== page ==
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Thursday, January 29, 2009

Incentives for Weight Loss

Most Americans weigh too much -- and it's making them and our entire health care system sick. If we're lucky, lifelong wellness programs may offer help.

Incentives and prevention are key to successful weight loss.
People are more likely to lose weight if they are paid for it, according to a new research study.
Weight-loss programs that "reward people with money -- and remind them of the cash they stand to lose if they fail" -- provided a powerful incentive to lose weight compared with more conventional approaches, according to a recent study appearing in the Journal of the American Medical Association.
Scientists at the University of Pennsylvania School of Medicine found that test subjects lost much more weight if they were paid. However, the patients started to put the weight back on again once they stopped being paid.
Despite that good news, obesity continues to be one of the nation's top health threats, according to a recent article in Reuters. That is not a surprise to the Obama administration. The rise in obesity accounts for 15 percent to 27 percent of growth in overall health care spending, according to Ken Thorpe, a health care policy scholar at Emory University who has advised Obama.

The problem, say some experts, is that the health care system focuses on treatment rather than prevention. Two thirds of all Americans are either overweight or obese. As the University of Pennsylvania study shows, it is very difficult to lose weight once it has been gained.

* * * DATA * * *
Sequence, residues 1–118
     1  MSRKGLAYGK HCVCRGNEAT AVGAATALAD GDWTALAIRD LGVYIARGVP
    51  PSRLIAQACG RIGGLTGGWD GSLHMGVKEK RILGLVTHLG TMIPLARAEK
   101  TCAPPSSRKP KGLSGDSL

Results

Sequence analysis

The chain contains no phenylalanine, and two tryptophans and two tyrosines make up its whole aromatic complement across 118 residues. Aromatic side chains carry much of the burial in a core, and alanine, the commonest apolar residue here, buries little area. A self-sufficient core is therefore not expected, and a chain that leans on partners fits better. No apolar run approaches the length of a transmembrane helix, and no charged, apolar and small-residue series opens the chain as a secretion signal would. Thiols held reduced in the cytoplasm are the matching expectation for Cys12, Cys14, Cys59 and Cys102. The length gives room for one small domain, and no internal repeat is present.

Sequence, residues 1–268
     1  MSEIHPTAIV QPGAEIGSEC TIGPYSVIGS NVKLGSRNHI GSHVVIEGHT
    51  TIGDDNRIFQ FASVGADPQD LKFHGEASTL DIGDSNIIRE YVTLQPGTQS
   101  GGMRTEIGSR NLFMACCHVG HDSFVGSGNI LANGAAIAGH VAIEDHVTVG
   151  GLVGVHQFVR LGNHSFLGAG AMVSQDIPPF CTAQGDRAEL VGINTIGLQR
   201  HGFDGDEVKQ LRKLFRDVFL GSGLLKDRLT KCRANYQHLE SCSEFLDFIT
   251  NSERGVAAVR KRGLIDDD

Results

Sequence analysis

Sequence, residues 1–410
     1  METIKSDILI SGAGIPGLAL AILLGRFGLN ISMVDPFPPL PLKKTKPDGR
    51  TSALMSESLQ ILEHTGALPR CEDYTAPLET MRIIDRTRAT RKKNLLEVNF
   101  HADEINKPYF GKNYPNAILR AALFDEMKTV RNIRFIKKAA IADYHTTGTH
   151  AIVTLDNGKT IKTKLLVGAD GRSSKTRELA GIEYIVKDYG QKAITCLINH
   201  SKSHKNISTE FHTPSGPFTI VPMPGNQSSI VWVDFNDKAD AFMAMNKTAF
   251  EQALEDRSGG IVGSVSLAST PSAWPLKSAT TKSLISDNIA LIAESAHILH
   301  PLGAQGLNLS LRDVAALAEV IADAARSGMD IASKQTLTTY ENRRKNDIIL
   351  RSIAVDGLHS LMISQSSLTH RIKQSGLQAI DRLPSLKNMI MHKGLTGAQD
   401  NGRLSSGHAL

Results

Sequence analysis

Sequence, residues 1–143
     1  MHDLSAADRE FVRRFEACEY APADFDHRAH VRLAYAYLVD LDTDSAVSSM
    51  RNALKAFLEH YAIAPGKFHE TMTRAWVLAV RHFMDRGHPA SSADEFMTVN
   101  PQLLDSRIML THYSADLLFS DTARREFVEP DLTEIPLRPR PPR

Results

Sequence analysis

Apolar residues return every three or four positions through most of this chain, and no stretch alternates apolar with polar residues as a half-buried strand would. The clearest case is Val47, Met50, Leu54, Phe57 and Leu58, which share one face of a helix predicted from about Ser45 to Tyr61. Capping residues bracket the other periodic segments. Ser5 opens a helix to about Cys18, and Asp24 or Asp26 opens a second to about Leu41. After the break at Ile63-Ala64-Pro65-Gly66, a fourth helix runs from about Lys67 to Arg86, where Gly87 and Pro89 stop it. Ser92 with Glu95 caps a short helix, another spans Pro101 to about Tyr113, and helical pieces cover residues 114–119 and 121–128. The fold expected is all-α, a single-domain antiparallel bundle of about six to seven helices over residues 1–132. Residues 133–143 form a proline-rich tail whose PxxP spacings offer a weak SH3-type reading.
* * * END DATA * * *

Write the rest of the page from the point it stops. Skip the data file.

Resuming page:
The key to controlling obesity, and lowering health care costs, says Thorpe, is to empower local programs to prevent obesity. For example, he says, "the federal government could grant funds to communities to establish nutrition and exercise programs."

Thorpe also praises employer-sponsored programs, like Johnson & Johnson's "Live for Life," which includes voluntary risk appraisals and incentives for healthy living, according to Reuters.

"I think we'll see more incentives used," Thorpe said.

Note to Wellness Professionals

Be aware that incentives (and punishments) for workplace wellness programs can create legal trouble and morale issues.

See this post about HIPAA and wellness incentives and another on what employees think about incentive programs.

And for more information, take a look at all my posts about incentives.

Incentive programs are something we have a lot of experience with here at Wellness Corporate Solutions. If you're considering an incentive program, we're happy to talk about it.

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